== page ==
Palm Springs Air Museum Hosts Tribute for WWII Aviation Pioneers
Captain Rusty Burns and Lt. Col. Bob Friend Honored at Tuskegee Airmen Tribute by Scott Alvarez / CoachellaValley.com
Patriotism was at an all time high in the years prior to the United States entering World War II, and everyone did their part to ensure an allied victory. Captain Rusty Burns and Lt. Col. Bob Friend were among the masses that answered the call to join the military during this period. Both men were quickly thrown into the “Tuskegee Experience”, which was the name given to the Army Air Corps Program to train African-Americans to fly and maintain combat aircraft.Fast facts about the Tuskegee Airmen:
- At the time, because of racial segregation, all African-American military pilots trained at Moton Field and Tuskegee Army Air Field, close to Tuskegee, Alabama.
- Tuskegee was a good place for training pilots because it had good flying weather all year long.
- Captain Benjamin O. Davis Jr. commanded the 99th Fighter Squadron at Tuskegee. He was the first African-American to serve as a general in the United States Army.
- The Tuskegee Airmen had several nicknames including the Red Tails, and the Red Tail Angels.
- The Tuskegee Airmen's motto was Spit Fire.
- The Tuskegee Airmen destroyed 251 enemy airplanes.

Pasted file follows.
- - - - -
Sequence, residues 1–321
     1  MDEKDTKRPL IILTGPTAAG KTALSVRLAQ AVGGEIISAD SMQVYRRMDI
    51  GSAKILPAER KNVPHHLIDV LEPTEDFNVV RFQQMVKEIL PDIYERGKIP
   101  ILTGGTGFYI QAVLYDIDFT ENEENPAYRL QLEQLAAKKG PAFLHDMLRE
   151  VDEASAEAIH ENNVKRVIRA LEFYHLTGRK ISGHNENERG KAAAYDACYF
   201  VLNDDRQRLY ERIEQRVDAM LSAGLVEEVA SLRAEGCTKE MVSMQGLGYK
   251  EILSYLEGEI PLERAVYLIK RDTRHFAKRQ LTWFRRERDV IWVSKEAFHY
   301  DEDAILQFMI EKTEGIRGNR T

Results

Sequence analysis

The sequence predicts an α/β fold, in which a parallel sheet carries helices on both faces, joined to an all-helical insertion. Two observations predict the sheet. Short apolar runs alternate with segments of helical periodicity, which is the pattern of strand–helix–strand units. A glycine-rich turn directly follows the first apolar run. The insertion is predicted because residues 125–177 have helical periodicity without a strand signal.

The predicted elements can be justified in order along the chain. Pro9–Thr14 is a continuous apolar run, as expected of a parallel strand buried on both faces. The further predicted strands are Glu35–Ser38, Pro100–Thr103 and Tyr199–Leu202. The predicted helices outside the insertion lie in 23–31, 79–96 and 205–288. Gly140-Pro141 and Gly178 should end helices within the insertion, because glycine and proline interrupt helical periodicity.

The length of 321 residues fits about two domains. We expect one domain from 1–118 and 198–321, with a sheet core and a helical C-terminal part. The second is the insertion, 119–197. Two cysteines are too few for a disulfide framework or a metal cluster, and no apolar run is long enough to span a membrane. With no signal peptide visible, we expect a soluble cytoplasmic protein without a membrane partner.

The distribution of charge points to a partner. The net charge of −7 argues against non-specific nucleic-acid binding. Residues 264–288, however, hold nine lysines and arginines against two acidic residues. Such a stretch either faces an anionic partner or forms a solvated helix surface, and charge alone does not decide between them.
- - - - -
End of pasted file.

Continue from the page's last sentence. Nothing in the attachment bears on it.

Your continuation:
- The Tuskegee Airmen were awarded a total of 150 Distinguished Flying Crosses for their service.
- A movie was made in 2012 about the Tuskegee Airmen called Red Tails
During the tribute at the Palm Springs Air Museum we learned that Bob Friend initially received instruction from the Civilian Pilot Training Program, which was a fast track system for civilians that already had their Pilots license. Recalling his experience with the men he was stationed with, Bob stated, “All of the men that I served with, every one of those guys, the group called the Tuskegee Airmen, couldn't find better people. There weren't better people”. It was the stories and the memories that Rusty and Bob shared with the audience that made this tribute very special. Sitting in front of an audience packed hangar, both men took time to answer a few questions from the audience.
The best moment came when an audience member asked what it was like flying the P-51 [their combat plane] for the first time and Rusty’s response was, “I don’t remember ever getting off the ground and getting back down. Whatever I did up there, stayed up there”, which quickly filled the hangar with roars of laughter. The duo spent an hour entertaining the crowd with war stories and how their experiences differed from other members of the military during World War II.
The tribute concluded with a great memorial for Lt. George Edwards. The Palm Springs Air Museum did an excellent job with their tribute. It was a great treat for those that attended and those that watched our live stream.
The Palm Springs Air Museum is open daily from 10am-5pm (except for Thanksgiving, Christmas, and February 17, 2017). Click here for more information about the Museum.
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